Full disclosure: Relentless Design is my dad, Ed Bell, and we are partnering up for this project. I would be remiss to overlook his influence on my career, especially because he is the reason I landed this gig.

relentless design
Relentless Design Crew. Photo circa late 1980’s.

Fun fact: Ed has been remodeling structures since 1973. In Sacramento, he used to buy houses, fix them up, and re-sell them – way before the word “flipping” was in the American lexicon.

In 1987, my dad got his contractor’s license. I grew up visiting his job sites, scribbling on old plan sets, and generally wishing that I could work for him. He hesitated because job sites just “weren’t for girls”. Not that he was bigoted; he was just protecting me from crude language and unwanted attention, you know, typical job site stereotypes.

I recall spending a good deal of time driving around, observing and describing the built environment, making mental notes for later application. Ed has remarkable taste, so I consider myself lucky to see the world through his eyes.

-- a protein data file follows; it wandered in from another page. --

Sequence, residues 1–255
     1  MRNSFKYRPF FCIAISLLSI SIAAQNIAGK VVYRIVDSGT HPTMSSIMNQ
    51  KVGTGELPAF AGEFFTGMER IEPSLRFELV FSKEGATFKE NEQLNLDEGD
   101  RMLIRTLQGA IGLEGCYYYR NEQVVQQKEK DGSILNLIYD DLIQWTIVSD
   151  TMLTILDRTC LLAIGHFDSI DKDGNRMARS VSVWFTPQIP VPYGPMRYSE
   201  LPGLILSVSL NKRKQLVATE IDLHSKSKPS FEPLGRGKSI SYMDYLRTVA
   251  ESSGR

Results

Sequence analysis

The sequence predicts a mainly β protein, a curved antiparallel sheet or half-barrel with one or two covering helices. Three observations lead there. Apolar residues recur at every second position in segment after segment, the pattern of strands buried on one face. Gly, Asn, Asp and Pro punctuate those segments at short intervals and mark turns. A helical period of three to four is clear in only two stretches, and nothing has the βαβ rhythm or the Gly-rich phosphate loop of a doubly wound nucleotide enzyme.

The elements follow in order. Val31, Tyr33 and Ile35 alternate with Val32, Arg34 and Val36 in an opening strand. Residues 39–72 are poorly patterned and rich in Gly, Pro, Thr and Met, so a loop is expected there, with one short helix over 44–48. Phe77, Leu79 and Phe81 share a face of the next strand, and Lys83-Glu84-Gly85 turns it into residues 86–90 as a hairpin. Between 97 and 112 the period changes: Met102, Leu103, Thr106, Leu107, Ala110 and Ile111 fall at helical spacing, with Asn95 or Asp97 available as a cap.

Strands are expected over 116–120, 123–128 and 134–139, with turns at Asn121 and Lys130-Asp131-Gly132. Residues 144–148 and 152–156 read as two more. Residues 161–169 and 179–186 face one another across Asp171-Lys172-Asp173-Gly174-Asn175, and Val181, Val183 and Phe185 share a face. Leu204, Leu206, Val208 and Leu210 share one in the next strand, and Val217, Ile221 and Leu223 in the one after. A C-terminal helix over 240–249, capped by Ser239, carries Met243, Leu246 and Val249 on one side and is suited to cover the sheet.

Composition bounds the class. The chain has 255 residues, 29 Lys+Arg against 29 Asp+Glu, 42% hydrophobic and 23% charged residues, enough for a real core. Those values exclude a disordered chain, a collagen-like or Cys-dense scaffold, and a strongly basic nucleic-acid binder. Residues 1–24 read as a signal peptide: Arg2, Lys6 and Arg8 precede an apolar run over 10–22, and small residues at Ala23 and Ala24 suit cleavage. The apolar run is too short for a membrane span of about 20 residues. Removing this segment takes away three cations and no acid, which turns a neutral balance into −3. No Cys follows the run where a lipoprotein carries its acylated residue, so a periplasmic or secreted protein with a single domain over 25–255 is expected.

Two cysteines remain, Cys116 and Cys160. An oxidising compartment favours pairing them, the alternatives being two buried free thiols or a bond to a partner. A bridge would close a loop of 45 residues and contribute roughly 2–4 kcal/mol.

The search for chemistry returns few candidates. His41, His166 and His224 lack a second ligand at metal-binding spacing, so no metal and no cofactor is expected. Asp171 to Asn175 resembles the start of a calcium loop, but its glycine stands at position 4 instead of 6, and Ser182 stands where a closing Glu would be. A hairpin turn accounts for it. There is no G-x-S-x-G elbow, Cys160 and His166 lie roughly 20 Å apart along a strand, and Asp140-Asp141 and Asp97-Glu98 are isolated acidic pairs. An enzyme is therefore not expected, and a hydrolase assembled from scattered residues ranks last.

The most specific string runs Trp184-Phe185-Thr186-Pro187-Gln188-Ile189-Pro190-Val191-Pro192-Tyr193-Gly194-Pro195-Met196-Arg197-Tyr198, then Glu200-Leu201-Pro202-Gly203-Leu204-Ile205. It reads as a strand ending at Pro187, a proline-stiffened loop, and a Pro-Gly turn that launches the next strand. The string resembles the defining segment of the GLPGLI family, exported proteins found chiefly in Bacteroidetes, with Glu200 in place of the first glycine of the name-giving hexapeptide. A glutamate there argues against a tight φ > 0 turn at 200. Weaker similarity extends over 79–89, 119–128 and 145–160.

He recently attempted “retirement”, but I believe for those in creative professions, work is too exciting to stop. Currently he has two projects on his plate, including this one, and is probably open to taking on more. I truly look forward to working with him and gleaning from his 40+ years of construction knowledge. This is not typical access for an architect in training.

Post Scriptum.

In the late 1970’s my dad moved to New Mexico. It was the age of Easy Rider, hippies, and counterculture; he immediately felt at home. Here he also gained an appreciation for the local vernacular, and has been refining his understanding of it ever since. Below are a few photos of projects he has either built, or designed and built.

Pueblo de los Suenos.
Pueblo de los Suenos Condominiums.
Dream Catcher Real Estate Office.
Dream Catcher Real Estate Office.
Colbert House.


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